I do sympathize with the cost of the new drugs that come on the market. Some of them are very effective for curing or controlling illnesses that could not be controlled 20 or 30 years ago. They are, admittedly, very costly. It is the constant tossing the balls in the air as to how much of that can be borne by the taxpayer.

We still have excellent basic medical care in the country and I would not take that away for a minute. I talked to one physician who took the Canadian health care idea to other countries in the world. I met him at the Ottawa airport about a year ago. He said there was a lot that had to be continually improved and fixed in the Canadian health care system and when we do that we should never forget that compared to every other country in the world this is still the very best health care system.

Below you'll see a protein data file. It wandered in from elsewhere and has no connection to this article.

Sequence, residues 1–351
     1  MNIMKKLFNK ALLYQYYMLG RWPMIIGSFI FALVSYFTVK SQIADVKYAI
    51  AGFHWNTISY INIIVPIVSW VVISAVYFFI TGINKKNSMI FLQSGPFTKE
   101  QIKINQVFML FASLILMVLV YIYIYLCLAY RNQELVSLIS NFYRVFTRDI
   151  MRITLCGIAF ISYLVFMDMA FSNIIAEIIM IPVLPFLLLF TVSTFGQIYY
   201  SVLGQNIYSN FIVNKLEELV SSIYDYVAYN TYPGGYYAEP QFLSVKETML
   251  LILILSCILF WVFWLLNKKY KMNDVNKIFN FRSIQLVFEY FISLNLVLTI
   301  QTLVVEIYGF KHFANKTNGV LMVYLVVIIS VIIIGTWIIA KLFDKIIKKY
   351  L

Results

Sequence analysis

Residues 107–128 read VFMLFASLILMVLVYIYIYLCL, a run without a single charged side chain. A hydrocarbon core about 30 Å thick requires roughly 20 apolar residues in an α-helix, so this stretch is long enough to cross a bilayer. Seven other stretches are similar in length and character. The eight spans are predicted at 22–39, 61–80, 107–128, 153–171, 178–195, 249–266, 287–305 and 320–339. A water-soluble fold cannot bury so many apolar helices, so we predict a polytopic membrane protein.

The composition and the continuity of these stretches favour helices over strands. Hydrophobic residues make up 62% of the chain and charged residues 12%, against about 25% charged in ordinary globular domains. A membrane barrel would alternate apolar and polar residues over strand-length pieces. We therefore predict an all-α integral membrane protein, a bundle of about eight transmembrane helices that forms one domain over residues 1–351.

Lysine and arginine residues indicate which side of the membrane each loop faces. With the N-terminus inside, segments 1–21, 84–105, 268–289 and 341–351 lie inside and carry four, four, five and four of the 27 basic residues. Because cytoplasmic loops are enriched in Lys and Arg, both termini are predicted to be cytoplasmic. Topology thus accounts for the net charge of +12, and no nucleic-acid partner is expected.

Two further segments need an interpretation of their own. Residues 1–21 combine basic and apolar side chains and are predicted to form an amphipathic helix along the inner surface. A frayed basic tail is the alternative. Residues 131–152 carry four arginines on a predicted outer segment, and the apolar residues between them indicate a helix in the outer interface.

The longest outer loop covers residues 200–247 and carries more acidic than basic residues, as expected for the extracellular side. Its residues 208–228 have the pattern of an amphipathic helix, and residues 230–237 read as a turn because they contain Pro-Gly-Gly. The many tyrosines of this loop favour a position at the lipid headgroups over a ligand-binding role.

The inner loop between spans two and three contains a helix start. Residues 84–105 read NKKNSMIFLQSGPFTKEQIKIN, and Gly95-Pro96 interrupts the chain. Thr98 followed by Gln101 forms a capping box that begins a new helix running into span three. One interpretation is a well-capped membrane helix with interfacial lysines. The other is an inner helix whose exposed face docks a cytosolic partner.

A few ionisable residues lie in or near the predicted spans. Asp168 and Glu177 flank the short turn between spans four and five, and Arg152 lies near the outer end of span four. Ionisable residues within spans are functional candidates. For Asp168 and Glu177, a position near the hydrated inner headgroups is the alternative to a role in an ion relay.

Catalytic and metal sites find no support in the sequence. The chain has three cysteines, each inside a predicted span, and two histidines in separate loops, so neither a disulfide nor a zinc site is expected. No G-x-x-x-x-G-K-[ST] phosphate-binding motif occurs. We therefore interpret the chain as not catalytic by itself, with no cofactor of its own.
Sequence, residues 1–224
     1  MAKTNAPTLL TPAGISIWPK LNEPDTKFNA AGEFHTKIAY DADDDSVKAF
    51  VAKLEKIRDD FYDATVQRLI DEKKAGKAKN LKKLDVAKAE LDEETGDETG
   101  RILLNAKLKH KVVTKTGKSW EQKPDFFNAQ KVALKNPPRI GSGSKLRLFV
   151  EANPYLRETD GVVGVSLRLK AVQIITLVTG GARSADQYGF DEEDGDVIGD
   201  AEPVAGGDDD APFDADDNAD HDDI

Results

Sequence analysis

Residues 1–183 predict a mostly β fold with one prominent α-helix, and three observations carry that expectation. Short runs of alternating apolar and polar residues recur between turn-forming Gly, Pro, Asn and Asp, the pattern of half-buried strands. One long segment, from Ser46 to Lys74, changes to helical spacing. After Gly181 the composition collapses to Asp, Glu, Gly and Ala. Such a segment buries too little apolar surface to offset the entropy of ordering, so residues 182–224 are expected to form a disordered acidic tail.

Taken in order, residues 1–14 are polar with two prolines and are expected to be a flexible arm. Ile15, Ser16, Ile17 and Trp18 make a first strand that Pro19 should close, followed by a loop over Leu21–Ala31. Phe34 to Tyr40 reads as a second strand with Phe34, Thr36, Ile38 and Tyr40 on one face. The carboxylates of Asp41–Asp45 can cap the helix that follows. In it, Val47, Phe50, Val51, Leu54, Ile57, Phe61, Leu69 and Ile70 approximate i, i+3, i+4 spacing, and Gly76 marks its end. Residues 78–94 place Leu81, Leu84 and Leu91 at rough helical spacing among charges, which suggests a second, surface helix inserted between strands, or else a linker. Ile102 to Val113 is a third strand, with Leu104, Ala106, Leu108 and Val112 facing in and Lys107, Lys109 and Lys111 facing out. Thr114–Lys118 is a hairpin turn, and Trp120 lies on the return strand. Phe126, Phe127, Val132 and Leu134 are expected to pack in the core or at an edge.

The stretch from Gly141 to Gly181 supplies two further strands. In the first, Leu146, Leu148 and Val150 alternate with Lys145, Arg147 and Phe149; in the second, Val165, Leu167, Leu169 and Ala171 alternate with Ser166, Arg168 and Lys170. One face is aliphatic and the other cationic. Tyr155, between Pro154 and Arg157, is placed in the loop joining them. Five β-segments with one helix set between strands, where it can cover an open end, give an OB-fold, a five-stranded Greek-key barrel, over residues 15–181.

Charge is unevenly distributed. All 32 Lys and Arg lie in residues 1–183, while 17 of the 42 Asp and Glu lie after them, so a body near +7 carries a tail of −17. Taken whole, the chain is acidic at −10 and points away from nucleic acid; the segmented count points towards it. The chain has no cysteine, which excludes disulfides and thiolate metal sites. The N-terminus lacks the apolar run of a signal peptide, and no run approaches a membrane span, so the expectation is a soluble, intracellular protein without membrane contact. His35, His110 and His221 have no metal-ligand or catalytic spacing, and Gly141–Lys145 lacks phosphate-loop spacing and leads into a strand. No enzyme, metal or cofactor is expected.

Supply May 11th, 2004

Mr. Speaker, I will be dividing my time with the hon. member for Dufferin--Peel--Wellington--Grey.

I appreciate the opportunity to make a few comments on the motion from the member for Churchill.

April 17 marked the 20th anniversary of the passage of the Canada Health Act, Canada's federal health insurance legislation and the cornerstone of the Canadian health care system. The five principles enshrined in the act reflect the values that inspired Canada's single payer, publicly financed health care system over 40 years ago. The Canada Health Act aims to ensure that all residents of Canada have access to necessary physician and hospital services without direct charges.